Once you’ve arrived, the only problem is that there’s simply too much to see. The North Island is where you’ll find the vibrant city of Auckland, as well as Wellington, the capital. It’s the perfect city for nature lovers, surrounded by water on three sides and filled with parks and nature reserves. Rotorua is where the adrenaline junkies head. Here you’ll find spurting geysers, pools of bubbling mud, and hot springs, ideal for soothing those post-bungee jump aches and pains. The South Island is where you’ll find the elegant city of Christchurch, along with the Abel Tasman National Park and the Otago Peninsula, famous for its penguin colonies. Who doesn’t love a penguin?
Australia is another destination with more than enough to satisfy the appetites of wanderlust-fueled gap year travellers. If you’re aged between 18 and 30, it’s relatively easy to get hold of a 24-month working holiday visa. Bear in mind that if you’re considering bar work, you’ll need to undertake RSA (Responsible Service of Alcohol) training. You can find out more about working holiday visas on the Australian Visa Bureau website. If you’re not planning on working, you’re likely to have more travel-related flexibility, but you’ll still need to apply for a visa. The easiest way is to apply for an Electronic Travel Authority (ETA) through your travel agent or airline, which costs around A$20.
Get between Australia’s cities using low cost flights offered by airlines like Jetstar and Virgin Blue. Or consider signing up for the road trip of a lifetime by opting for long term car rental from a specialist company like Travellers Autobarn. If you’re on a budget, Greyhound buses are an efficient, cheap way to get around. As for where to go? Popular destinations for backpackers include Byron Bay, Fraser Island, the Great Ocean Road, Melbourne, Sydney and the stretch of the East Coast between Sydney and Cairns.
8. Anywhere in Europe
Some of the world’s best destinations are right on your doorstep. Whether you fancy exploring the tourist-free cities of eastern Europe (Estonia and Latvia have become especially popular in recent years) or dream of spending the winter working in a ski resort in the French Alps, Europe offers a wide range of experiences for all types of traveller. If you’re planning on covering a lot of miles, opt for an Interrail pass, which can be purchased for individual countries or as a multi-destination pass. As an EU citizen, you’ll also be allowed to work in most European countries, although it’s imporant to research the rules and regulations in each country. Some, such as The Netherlands, will insist on a temporary residence permit. This can often be granted by the local police force. It’s always best to check entry requirements on the Foreign Office website before planning your trip.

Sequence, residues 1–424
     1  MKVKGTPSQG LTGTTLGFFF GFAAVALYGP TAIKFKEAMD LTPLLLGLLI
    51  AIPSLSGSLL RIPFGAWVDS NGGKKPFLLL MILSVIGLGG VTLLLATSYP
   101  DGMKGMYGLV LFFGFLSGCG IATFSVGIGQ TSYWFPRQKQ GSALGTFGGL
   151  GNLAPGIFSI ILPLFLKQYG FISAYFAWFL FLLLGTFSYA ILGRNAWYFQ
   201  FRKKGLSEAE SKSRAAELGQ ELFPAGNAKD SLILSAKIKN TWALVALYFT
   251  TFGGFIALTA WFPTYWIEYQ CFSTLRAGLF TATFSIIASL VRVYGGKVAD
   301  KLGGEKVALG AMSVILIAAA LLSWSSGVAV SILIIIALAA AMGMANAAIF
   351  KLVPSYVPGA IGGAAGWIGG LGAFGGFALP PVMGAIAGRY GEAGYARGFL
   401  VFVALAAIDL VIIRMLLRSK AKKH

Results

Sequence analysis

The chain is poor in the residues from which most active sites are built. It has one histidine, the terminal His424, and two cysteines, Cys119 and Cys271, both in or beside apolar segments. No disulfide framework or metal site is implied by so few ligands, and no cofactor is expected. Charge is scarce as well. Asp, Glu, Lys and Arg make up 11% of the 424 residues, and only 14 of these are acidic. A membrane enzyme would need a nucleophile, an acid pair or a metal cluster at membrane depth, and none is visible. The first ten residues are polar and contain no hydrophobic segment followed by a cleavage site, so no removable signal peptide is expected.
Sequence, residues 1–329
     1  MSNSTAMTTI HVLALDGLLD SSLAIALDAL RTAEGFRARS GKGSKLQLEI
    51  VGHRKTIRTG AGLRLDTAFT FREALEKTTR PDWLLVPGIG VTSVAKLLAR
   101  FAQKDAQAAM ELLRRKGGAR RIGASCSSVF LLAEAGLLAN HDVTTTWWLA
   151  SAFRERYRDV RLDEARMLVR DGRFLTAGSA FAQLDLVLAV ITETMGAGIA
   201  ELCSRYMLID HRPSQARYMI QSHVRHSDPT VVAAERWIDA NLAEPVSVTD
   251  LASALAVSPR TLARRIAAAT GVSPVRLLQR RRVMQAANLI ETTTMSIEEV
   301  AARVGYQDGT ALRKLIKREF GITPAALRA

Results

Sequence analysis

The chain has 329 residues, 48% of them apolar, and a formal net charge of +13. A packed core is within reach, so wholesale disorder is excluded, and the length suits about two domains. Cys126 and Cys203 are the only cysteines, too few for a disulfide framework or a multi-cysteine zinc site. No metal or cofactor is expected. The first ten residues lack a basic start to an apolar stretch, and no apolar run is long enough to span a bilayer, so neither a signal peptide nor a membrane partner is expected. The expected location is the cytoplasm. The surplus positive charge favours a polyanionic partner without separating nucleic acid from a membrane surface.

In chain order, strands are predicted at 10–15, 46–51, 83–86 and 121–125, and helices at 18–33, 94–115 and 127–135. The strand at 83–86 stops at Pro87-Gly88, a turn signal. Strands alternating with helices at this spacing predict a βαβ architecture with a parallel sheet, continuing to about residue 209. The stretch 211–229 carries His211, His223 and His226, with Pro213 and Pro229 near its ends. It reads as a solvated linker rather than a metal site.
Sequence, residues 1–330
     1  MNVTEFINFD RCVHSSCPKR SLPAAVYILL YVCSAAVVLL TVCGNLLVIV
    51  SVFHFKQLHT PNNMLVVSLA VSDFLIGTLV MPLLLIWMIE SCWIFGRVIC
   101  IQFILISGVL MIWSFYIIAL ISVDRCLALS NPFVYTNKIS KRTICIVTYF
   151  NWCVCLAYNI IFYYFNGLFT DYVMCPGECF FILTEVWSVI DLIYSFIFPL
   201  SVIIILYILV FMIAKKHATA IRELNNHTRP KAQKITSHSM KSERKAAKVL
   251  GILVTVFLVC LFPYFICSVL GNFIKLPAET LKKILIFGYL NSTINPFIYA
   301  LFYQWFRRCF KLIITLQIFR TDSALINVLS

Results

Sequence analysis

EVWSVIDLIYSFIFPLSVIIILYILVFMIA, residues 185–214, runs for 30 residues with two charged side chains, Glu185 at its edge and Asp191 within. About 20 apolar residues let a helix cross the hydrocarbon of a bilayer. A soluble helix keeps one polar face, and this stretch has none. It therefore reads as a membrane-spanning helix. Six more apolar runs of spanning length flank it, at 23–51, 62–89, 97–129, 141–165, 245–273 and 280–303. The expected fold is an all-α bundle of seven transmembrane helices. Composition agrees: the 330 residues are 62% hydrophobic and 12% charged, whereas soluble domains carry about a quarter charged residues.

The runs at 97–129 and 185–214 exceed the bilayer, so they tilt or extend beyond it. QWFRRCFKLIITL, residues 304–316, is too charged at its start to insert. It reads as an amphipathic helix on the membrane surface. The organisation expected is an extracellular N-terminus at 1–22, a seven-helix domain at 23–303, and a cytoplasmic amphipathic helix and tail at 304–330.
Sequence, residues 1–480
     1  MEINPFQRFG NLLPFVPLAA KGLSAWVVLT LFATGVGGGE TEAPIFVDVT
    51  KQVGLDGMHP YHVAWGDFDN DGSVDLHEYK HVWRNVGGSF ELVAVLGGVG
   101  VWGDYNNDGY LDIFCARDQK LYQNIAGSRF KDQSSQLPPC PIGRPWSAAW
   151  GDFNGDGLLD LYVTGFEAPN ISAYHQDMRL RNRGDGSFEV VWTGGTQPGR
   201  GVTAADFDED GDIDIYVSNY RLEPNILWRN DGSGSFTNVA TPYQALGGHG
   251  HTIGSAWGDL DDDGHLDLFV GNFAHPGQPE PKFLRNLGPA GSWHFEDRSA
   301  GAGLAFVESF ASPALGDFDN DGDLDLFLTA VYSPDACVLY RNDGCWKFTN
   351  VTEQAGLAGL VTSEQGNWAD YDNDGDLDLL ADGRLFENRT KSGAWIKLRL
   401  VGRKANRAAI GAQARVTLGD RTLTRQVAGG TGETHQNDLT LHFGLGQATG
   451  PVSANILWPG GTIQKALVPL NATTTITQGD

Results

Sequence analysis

Whether you want to volunteer at an elephant sanctuary in Chiang Mai, or island-hop your way around the south, Thailand is a country built for backpacking. Don’t underestimate the biggest cities either. Metropolises like Bangkok and Hat Yai might seem daunting to begin with, but they’re great places to get your bearings and to connect with other backpackers. And if you’re after some beach time, consider skipping the crowded coastal regions like Phuket and Pattaya, and opt for lesser-known Trang, on the western coast instead. It’s less-developed and prices are low, and you’ll also find some of the country’s best national parks, including Hat Chao Mai National Park, which is famous for its turquoise waters and limestone outcroppings.
While you can stay in Thailand for up to 30 days without a visa (which can be extended to 60 days), you’ll need to apply for a visa through the Royal Thai Embassy if you’re planning on working in the country or extending your trip.
Japan isn’t the cheapest of countries, and while we’re not suggesting you spend your entire gap year here, if you’re spending even a short amount of time in Asia, Japan should definitely be top of your list. It’s easy to get around (and surprisingly cheap too – one week rail passes which cover the entire rail network cost around £200) and traditional ryokans (cheap, traditional inns) will seem like five-star hotels compared to those cramped hostels in Bangkok or Bali.
Save money by eating at the country’s vending machine restaurants, which can be found in most cities, but are especially common in Osaka and Tokyo. These backpacker-friendly restaurants have machines outside the entrance. Simply choose your dish by finding the image which tempts your tastebuds, press the button next to the photo, insert some Yen (a main course and drink will set you back around 1000 Yen/£7) and hand your ticket to a member of staff, who will guide you to your allocated seat. Suddenly McDonalds looks rather complicated.
You can stay in Japan for up to 90 days without a visa, but if you’re planning on working while you’re here, you’ll need to apply for a visa before you arrive, as visas aren’t issued once you’re in the country. The best way to do this is to contact the Japanese Embassy in the UK.
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Information correct as of 18th July 2019, obtained from https://www.gov.uk/foreign-travel-advice. Please always check the latest guidance on the Foreign Office website before booking a trip and ensure your passport has at least six months’ validity.